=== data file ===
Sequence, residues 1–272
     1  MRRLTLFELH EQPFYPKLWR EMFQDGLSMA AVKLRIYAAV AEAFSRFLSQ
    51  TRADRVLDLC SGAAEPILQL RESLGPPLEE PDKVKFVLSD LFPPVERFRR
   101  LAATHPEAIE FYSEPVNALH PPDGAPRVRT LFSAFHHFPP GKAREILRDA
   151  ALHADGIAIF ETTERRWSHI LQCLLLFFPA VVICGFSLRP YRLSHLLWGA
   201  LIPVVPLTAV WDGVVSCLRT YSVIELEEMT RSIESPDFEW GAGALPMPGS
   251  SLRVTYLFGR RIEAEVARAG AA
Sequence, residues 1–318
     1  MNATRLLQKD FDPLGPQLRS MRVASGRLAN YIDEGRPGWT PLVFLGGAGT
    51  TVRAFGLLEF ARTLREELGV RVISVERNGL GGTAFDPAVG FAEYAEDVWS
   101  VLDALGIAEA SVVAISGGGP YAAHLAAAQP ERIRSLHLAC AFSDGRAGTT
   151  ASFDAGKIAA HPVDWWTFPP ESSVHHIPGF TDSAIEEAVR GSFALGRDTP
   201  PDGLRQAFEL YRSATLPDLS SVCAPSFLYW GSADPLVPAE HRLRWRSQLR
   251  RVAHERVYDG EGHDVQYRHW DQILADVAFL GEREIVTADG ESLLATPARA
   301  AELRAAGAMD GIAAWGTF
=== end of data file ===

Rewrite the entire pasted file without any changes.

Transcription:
Sequence, residues 1–272
     1  MRRLTLFELH EQPFYPKLWR EMFQDGLSMA AVKLRIYAAV AEAFSRFLSQ
    51  TRADRVLDLC SGAAEPILQL RESLGPPLEE PDKVKFVLSD LFPPVERFRR
   101  LAATHPEAIE FYSEPVNALH PPDGAPRVRT LFSAFHHFPP GKAREILRDA
   151  ALHADGIAIF ETTERRWSHI LQCLLLFFPA VVICGFSLRP YRLSHLLWGA
   201  LIPVVPLTAV WDGVVSCLRT YSVIELEEMT RSIESPDFEW GAGALPMPGS
   251  SLRVTYLFGR RIEAEVARAG AA
Sequence, residues 1–318
     1  MNATRLLQKD FDPLGPQLRS MRVASGRLAN YIDEGRPGWT PLVFLGGAGT
    51  TVRAFGLLEF ARTLREELGV RVISVERNGL GGTAFDPAVG FAEYAEDVWS
   101  VLDALGIAEA SVVAISGGGP YAAHLAAAQP ERIRSLHLAC AFSDGRAGTT
   151  ASFDAGKIAA HPVDWWTFPP ESSVHHIPGF TDSAIEEAVR GSFALGRDTP
   201  PDGLRQAFEL YRSATLPDLS SVCAPSFLYW GSADPLVPAE HRLRWRSQLR
   251  RVAHERVYDG EGHDVQYRHW DQILADVAFL GEREIVTADG ESLLATPARA
   301  AELRAAGAMD GIAAWGTF